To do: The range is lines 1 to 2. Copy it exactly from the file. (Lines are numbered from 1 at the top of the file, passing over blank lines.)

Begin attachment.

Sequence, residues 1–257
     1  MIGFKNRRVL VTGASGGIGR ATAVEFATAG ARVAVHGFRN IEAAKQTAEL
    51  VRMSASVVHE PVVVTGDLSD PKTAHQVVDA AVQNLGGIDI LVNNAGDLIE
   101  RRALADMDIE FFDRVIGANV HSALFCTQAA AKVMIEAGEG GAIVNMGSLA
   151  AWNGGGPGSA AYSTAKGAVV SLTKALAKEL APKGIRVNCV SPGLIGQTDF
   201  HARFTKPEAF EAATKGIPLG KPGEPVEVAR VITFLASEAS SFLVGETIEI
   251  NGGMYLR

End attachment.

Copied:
Sequence, residues 1–257
     1  MIGFKNRRVL VTGASGGIGR ATAVEFATAG ARVAVHGFRN IEAAKQTAEL